Effingham Daily News, Effingham, IL

January 4, 2013

Unit 50 eyes budget cuts

Bill Grimes
Effingham Daily News

TEUTOPOLIS —     More than 150 people attended Thursday’s special meeting of the Teutopolis Unit 50 Board of Education in the Teutopolis Grade School gymnasium.

    About a quarter of that crowd had something to say.

    A number of people in the crowd had helpful hints for board members and administrators on the best ways to deal with a projected budget deficit for more than $1 million.

    The board had called the meeting to solicit public input on how to deal with the deficit. And, public input they received after a presentation by Superintendent Bill Fritcher in which he detailed projected cuts totaling nearly $620,000.

    While most of the cuts would come from not replacing retiring or resigning teachers, Fritcher said extra-curricular activities would also take a hit if the proposals are adopted.

    On the chopping block would be the high school’s FFA program, as well as marching and pep band, drama and newspaper programs.

    On the sports side, the board is considering staff cuts to high school and junior high baseball, and junior high basketball, primarily on the lower levels of competition. He said the staff cuts might force the remaining coaches to start cutting players on the junior high level, something the district’s hasn’t previously done.

    Also proposed are miscellaneous expenses such as cell phones for administrators and bus drivers, overnight conferences for staff and student field trips.

    Fritcher said a complete list of proposed cuts would be available soon on the district’s website.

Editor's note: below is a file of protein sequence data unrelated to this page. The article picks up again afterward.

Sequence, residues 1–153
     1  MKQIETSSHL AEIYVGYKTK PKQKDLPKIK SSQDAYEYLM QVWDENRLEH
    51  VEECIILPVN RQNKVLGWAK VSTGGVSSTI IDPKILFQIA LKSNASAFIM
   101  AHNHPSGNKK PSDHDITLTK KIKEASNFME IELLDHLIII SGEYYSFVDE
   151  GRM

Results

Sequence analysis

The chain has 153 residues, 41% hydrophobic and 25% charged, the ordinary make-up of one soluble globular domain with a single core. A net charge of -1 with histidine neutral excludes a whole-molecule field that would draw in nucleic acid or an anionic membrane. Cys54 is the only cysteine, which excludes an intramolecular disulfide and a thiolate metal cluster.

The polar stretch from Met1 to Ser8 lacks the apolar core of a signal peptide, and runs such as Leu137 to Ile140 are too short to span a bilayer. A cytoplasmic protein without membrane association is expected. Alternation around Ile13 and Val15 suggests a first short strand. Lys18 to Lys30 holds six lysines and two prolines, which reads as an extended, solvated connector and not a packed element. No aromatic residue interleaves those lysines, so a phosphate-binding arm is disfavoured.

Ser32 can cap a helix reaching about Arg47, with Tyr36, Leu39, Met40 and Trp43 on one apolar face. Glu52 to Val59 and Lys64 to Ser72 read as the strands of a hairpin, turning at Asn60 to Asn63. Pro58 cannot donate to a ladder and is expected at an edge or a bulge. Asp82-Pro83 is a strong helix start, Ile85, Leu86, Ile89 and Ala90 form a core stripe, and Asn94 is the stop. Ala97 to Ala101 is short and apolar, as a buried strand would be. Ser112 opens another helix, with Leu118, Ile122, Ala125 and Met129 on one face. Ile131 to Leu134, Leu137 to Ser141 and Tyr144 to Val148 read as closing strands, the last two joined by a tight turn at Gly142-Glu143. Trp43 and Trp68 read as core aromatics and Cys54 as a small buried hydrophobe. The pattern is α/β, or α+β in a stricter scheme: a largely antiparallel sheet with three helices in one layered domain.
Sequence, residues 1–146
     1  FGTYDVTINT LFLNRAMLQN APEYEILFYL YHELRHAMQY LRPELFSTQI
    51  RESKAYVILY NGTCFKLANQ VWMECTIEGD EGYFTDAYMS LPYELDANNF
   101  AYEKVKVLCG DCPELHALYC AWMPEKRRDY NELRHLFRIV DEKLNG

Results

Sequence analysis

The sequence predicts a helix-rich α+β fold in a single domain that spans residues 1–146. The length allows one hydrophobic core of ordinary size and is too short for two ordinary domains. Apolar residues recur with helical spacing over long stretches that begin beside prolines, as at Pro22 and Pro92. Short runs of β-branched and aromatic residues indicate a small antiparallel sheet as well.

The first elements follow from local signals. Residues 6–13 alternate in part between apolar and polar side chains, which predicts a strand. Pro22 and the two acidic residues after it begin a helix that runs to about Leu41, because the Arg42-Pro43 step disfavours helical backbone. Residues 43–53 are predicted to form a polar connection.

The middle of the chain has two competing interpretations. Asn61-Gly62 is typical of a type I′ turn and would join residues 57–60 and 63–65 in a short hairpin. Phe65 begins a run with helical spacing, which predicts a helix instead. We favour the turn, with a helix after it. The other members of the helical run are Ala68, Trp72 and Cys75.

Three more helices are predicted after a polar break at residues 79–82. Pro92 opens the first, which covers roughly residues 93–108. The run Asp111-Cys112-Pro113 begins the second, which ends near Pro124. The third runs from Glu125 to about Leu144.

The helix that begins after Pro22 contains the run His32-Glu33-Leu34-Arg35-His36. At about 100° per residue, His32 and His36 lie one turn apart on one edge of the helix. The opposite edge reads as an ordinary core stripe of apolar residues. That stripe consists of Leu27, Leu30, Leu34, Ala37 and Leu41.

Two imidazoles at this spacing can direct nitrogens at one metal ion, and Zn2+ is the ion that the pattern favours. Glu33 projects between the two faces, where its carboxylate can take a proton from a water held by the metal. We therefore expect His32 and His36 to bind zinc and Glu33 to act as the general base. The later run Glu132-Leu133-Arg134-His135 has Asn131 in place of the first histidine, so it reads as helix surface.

The superintendent added that not replacing retiring teachers, particularly on the grade school level, could bump class sizes to the high 20s, or even low 30s. That was a hot topic during public comments that lasted more than an hour Thursday.

    One woman in the audience said increasing class sizes would be “devastating” to the quality of education in the school district.

    “In other school districts, people look at T-town as leaders in education,” she said. “Increasing class sizes is ridiculous.”

    Another woman said proposed class sizes in the high 20s for first- and second-grade classes is “completely heartbreaking.”

    “I am shocked that we are looking at those kind of numbers in first- and second-grade classes,” she said. “It’s completely heartbreaking that we are looking in that direction.”

    Other speakers questioned the need for what is perceived by many as a full-time athletic director, though Unit 50 AD Andy Johnson doubles as assistant principal at the high school.

    “Is there any way we can have him (Johnson) teach some driver’s ed classes?” one speaker asked.

    Fritcher noted that the district has added a number of sports in recent years. Moreover, he said, Teutopolis tries to host a large number of sporting events, thus increasing the workload for an athletic director.

    “We try to host as many events as we can, so parents, grandparents, aunts, uncles and fans don’t have to drive all the time to see our kids play,” he said. “But that’s more work for us.”

    One man suggested increasing activity fees instead of increasing class sizes.

    “We (parents) can start picking up slack on our end,” he said.

    Another speaker suggested reducing the number of athletic contests being played each season, while another suggested utilizing the services of volunteer coaches from the community.

    One speaker suggested that whatever cuts are made be deep enough to sustain the district for several years.

    “I am suggesting going deeper in cuts, so we don’t have the repeat this,” the man said. “What will keep us from repeating this two or four years down the road.”

    Board president Marty Siemer told the crowd after the comment session that the board would make a final decision on cuts in late February or March. Siemer said after the meeting that he was impressed with the turnout and the level of input from the crowd.

    “This will be very useful,” Siemer said. “It’s great to have input from the community that cares about their kids and the education they are getting.”